Facing up to the careers guidance challenge

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The government cuts to careers guidance has left schools in the lurch. Our headteacher diarist gives a frank appraisal of her school's struggles to meet the new duty to provide effective careers advice for students.

Each summer I steel myself for the feedback from the parents’ survey which has, it is fair to say, been a little bit more brutal than I would like in the past. 

This summer it was with some trepidation that I opened the attachment from the survey provider. While we have done a good deal of work to address some of the real concerns raised by parents, it is not always easy to shift some of the long-held perceptions about the school and some parents’ views seem to lag behind what is now happening in the school. 

However, I was delighted to see, as I worked my way through the numerous graphs and charts, that we had made significant progress since the previous year.

Despite this, the area with the lowest score was careers advice and guidance. It was no real surprise as our provision (or, if I am honest, lack of provision) has been high on my list of concerns too. 

Our local authority had previously funded all our advice and guidance, via Connexions, for a number of years. In the recent round of funding cuts it was inevitable that careers advice and guidance funding would go and that is exactly what happened. 

I was told not to worry – we would not experience any gaps in provision and that all would be seamless. Initially that was the case; we had visits from advisors who completed in-depth and highly complex audits of need and then disappeared. After a lengthy session of telephone ping-pong, I would be given another advisor who would complete another audit and – you can see where I am going − then disappear.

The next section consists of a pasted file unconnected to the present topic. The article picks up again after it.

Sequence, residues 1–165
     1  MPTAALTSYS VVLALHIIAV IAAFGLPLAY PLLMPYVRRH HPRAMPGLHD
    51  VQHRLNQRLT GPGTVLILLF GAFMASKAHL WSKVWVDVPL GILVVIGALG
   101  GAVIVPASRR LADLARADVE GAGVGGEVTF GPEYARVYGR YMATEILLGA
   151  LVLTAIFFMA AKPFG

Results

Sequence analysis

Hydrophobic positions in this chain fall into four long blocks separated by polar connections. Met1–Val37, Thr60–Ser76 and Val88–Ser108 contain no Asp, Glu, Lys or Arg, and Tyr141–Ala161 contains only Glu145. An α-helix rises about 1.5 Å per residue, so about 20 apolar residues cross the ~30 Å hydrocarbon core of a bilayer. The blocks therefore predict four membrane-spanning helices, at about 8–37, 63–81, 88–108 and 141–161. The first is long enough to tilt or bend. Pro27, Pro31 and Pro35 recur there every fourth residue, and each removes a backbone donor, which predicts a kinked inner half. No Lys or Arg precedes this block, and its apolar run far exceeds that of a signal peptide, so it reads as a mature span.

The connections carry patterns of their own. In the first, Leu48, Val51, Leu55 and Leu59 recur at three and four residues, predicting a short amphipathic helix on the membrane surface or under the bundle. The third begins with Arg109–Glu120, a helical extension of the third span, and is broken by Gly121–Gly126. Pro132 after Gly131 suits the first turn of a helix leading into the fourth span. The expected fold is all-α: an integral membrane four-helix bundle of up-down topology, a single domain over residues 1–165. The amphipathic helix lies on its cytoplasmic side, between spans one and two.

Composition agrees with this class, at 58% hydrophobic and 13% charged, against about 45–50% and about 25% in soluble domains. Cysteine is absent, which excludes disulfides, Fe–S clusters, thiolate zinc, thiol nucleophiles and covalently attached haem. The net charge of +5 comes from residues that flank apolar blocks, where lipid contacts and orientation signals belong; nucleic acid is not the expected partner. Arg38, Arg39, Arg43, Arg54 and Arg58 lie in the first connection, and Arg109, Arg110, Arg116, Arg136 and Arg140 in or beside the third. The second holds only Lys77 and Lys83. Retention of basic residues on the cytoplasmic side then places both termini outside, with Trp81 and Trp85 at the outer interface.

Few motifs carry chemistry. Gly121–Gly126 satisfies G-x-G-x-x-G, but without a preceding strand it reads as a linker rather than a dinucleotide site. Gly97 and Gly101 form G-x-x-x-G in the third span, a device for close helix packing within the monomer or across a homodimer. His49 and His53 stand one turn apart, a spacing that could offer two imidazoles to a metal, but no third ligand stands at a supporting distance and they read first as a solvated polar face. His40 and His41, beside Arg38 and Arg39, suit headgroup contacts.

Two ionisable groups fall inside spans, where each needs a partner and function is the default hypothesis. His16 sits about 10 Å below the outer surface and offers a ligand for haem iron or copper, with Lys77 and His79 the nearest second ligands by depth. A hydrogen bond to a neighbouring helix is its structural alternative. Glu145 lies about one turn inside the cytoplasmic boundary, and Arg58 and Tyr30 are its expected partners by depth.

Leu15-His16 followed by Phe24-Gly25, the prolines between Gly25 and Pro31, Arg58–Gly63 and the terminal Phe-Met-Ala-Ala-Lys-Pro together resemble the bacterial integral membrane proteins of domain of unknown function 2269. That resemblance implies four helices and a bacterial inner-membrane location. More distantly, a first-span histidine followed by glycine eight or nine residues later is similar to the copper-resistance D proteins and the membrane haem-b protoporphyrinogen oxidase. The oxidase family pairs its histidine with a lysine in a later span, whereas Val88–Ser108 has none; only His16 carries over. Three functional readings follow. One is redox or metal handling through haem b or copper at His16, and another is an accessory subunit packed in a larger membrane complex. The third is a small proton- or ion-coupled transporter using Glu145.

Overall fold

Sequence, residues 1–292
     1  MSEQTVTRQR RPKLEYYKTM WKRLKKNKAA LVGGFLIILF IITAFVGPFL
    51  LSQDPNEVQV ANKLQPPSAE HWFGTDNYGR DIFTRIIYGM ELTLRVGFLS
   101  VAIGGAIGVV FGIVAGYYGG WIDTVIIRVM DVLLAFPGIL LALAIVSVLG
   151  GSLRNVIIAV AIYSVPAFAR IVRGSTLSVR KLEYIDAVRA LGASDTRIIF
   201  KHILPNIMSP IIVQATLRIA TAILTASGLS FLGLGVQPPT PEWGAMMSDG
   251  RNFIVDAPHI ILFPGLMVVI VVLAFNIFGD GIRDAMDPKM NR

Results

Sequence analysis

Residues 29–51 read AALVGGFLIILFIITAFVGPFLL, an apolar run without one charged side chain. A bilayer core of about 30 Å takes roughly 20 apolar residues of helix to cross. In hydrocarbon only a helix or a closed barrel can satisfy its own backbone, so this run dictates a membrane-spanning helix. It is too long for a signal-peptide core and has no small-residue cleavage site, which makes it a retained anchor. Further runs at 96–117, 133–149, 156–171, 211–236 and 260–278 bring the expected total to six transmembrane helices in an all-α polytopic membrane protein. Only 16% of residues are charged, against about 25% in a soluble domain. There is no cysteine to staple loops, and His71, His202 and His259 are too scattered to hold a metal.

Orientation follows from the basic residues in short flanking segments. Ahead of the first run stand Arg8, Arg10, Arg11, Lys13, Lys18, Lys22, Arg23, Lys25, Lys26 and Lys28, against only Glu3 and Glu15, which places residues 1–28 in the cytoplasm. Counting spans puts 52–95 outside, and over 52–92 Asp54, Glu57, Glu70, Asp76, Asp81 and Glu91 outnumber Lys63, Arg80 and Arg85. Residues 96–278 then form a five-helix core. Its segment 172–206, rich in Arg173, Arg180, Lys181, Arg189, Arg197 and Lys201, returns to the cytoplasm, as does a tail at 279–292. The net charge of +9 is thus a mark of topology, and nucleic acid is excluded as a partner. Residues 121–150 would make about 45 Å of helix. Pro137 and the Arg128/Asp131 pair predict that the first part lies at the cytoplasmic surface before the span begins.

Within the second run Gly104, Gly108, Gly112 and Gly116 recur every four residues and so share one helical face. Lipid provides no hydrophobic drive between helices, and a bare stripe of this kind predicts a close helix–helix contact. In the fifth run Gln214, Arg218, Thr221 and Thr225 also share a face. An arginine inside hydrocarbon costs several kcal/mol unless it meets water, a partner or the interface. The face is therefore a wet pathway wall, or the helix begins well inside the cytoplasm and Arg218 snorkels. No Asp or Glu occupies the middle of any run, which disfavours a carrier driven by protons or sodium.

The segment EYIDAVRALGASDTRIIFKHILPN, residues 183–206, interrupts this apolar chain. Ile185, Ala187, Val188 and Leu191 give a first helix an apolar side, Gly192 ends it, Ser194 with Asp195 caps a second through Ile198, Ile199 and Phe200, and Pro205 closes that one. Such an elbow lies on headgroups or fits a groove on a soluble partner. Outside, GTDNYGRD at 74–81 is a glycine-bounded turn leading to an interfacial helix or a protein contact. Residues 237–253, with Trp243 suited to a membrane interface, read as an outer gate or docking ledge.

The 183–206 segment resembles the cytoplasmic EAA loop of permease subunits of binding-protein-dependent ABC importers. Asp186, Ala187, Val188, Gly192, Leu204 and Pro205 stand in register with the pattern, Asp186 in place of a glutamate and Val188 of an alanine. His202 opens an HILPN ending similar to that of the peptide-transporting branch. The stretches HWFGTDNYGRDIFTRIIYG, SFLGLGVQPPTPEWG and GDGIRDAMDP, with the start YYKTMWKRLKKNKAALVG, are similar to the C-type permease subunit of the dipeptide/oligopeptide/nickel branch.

We have a number of internal strategies to deal with general careers advice and guidance, including all year 10 having a formal job interviews with local employers, students producing CVs and letters of application that are scrutinised by HR staff in larger local employers, and access to the vast array of diagnostic online tools. 

It was meeting the requirement for independent advice that we were struggling with. Not because we had not made the necessary funds available, but because there was no local provision available.

It was around this time that Ofsted issued its comprehensive review of careers advice and guidance. It is actually an accessible and reassuring read, in which school provision that is not too dissimilar to what we are providing is being signposted as best practice. It is the external provision that is being criticised for often being unsuitable, inaccessible and less than effective. 

Surely I am not the only one who sees the inevitable link between lack of funding and the breakdown of external provision. 

Yet again, there is a clear lack of joined-up vision. How can schools be directed to provide effective and timely advice from independent sources when that provision simply does not exist. Yes, we can seek the support of our local business community, but this is difficult in a recession and I fail to see how one profession (namely teachers) are deemed partial when everyone else is not. Is a lifelong accountant, for example, able to be more impartial? I would suggest not.

Back on the day job, I was over the moon when I received a flier about Adviza (why can’t careers companies spell properly?). I immediately booked them for a number of 1:1 days and key events, the first of which was due to take place on results day in order to mop up those students who may need a slight rethink of direction. 

I sat back smugly thinking this was nailed and I had one less thing to worry about. But guess what? The advisor failed to turn up! So, back to the drawing board.

  • Diary of a headteacher is written anonymously and in rotation by three practising headteachers from schools across the country.


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